This course provides an introduction to the environmental and the design aspects of architectural lighting and acoustics. The series presents both qualitative criteria relating to architectural concepts and computational analysis to assist design. Students will develop an understanding of interior lighting, daylighting, room acoustics and noise control as components of architectural design through a structured program of lectures, readings, exams and projects. 
6/26/18
This course will focus on the professional practice of architecture including (the following are the NAAB Student Performance Criteria addressed in the class) an understanding of the fundamentals of building costs, such as acquisition costs, project financing and funding, financial feasibility, operational costs, and construction estimating with an emphasis on life-cycle cost accounting.
6/26/18
In this course students will then learn how to build a model from start to finish using Autodesk Revit to create construction documents and details, model custom components, link models together, create renderings and walkthroughs, and touch on site placement. 
6/26/18
How do we formulate our position as architects? This seminar will ask you to critically reflect on your practice thus far, and to develop a working manifesto outlining your approach to architectural design. You will begin by considering the imminent demolition of a completed studio project (probably from third or fourth year). Through the prism of this impending demise, you will invent a narrative for your work at large, deploying the ghost of a disappeared architecture in the service of renewed interest in and reinvigoration of your young, promising architectural practice.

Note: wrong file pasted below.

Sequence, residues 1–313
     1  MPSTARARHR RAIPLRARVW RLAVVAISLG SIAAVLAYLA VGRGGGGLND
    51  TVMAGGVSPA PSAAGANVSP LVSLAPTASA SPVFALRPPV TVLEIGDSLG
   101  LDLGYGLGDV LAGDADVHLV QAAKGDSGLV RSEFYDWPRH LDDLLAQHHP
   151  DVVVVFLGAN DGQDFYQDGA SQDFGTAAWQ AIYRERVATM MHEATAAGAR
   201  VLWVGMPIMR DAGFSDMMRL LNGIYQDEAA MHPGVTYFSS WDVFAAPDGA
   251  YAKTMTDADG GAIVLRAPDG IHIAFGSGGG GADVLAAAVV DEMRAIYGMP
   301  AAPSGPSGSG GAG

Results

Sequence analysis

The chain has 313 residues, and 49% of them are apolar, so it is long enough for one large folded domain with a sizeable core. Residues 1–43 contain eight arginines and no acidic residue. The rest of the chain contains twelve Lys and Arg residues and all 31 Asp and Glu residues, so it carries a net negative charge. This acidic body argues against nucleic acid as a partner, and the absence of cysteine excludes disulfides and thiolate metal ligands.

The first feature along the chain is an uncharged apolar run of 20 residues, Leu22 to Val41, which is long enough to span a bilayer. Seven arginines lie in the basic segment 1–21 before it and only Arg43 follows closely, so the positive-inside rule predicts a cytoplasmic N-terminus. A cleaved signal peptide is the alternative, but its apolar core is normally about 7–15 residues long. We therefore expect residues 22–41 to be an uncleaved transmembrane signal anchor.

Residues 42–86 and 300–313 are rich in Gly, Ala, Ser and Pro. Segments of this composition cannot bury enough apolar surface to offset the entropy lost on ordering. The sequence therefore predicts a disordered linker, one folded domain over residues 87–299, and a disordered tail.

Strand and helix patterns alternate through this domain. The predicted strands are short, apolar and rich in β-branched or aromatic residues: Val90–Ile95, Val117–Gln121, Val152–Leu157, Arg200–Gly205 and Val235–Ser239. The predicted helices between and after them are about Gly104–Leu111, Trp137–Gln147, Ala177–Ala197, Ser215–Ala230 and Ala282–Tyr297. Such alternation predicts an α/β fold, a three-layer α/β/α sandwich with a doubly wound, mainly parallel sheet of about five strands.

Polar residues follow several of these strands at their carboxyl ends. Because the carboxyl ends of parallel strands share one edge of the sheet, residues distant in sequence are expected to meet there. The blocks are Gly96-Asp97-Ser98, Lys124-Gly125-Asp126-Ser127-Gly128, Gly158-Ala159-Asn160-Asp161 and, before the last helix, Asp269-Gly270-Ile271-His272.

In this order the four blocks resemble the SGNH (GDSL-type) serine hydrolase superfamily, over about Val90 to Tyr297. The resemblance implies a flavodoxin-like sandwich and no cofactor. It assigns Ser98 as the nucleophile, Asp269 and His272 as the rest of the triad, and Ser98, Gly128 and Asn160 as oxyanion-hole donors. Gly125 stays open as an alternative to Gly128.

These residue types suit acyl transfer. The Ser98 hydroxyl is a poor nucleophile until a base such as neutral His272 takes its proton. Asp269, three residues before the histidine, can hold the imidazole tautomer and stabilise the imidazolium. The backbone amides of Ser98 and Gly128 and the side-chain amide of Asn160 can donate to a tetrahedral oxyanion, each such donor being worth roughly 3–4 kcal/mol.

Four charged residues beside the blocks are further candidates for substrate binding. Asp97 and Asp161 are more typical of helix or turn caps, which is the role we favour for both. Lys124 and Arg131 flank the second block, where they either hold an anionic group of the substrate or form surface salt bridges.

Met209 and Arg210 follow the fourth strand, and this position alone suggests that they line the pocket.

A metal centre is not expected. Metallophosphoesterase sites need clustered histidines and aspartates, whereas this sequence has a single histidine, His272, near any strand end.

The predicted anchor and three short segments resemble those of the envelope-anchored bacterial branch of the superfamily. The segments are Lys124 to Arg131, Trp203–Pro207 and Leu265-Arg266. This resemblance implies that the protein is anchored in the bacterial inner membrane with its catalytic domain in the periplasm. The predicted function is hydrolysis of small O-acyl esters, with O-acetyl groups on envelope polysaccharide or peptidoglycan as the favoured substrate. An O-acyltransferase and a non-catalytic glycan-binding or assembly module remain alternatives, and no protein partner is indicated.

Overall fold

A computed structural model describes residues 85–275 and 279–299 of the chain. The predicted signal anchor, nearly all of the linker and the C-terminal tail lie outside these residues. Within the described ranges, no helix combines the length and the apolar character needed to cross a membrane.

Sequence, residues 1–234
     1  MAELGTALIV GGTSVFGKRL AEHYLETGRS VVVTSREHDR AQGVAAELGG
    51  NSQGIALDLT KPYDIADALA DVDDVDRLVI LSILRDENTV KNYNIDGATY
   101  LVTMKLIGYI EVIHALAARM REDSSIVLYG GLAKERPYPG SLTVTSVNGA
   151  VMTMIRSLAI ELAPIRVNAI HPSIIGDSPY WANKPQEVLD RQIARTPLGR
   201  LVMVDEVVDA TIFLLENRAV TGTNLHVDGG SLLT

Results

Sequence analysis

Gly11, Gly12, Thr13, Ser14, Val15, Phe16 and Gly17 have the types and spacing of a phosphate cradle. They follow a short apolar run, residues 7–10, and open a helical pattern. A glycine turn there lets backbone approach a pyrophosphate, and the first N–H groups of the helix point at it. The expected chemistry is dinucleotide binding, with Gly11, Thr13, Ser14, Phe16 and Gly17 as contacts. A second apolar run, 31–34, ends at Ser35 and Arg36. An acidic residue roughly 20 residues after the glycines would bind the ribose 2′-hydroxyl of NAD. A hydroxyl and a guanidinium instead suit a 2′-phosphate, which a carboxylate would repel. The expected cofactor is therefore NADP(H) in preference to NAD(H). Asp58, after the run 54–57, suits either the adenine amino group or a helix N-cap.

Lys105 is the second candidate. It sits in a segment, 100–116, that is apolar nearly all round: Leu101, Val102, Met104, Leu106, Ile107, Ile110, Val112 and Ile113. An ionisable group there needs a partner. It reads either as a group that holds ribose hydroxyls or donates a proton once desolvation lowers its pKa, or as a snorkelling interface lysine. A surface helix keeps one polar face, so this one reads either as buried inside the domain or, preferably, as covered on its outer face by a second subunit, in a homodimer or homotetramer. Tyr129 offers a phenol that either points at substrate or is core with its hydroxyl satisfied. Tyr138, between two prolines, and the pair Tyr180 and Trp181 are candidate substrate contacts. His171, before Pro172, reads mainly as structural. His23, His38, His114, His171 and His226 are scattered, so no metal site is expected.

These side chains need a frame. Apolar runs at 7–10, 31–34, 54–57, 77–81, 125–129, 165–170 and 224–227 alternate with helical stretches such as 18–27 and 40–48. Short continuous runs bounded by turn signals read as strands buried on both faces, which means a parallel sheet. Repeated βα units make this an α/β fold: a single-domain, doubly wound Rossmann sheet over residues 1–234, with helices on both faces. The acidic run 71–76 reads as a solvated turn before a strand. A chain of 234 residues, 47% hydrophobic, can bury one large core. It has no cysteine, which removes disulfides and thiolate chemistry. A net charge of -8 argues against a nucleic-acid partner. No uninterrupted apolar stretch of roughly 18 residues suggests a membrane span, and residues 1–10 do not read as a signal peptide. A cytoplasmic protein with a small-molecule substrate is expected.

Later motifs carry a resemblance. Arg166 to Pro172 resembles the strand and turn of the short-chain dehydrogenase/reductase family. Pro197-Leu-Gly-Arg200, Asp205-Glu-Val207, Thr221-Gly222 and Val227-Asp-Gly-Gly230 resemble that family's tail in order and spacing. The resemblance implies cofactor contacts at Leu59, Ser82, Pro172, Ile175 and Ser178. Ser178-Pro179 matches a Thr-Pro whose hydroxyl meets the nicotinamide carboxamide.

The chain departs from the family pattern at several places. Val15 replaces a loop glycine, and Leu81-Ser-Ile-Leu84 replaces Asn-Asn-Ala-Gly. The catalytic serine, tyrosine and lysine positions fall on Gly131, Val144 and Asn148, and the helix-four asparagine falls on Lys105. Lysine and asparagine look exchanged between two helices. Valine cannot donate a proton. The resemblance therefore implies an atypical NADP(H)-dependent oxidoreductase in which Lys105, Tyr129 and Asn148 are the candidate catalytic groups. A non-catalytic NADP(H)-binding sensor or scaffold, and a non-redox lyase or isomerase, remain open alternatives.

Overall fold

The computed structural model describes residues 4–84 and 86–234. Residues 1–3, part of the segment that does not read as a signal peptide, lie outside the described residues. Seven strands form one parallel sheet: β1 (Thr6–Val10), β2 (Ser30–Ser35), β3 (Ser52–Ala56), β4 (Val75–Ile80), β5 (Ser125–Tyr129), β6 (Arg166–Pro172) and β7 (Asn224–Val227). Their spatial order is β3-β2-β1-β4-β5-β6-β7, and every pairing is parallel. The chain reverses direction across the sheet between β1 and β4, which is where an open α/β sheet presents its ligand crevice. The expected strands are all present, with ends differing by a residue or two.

6/26/18
By 2050, the world’s urban population will likely double. As urbanization proceeds rapidly, how do cities across the globe ensure the wellbeing of inhabitants? This course explores the many ways in which planning and design processes promote (or, hinder) food and health equity in urban settings.
6/26/18
What drives growth and development? How are land use patterns prescribed? What tools do planners use to shape the environment? This course examines factors contributing to land use with a focus on how policy mechanisms are used to steer development. 
6/26/18
This course is intended to introduce student to diverse health issues which are related with urban/physical environments in contemporary cities and stimulate interest in what is fascinating and challenging about this broad subject. 
6/26/18
The objective of this course is to familiarize undergraduate students with the historic social, cultural, economic and political factors which have shaped the contemporary city in the western (i.e., Euro-American) tradition.
6/26/18
Climate Neutral by 2030? With nearly 40,000 people, hundreds of miles of roads and 3 campuses, UB is often referred to as a small city. Like cities and regions, large organizations also have a role to play in addressing global climate change and creating a more resilient and sustainable world.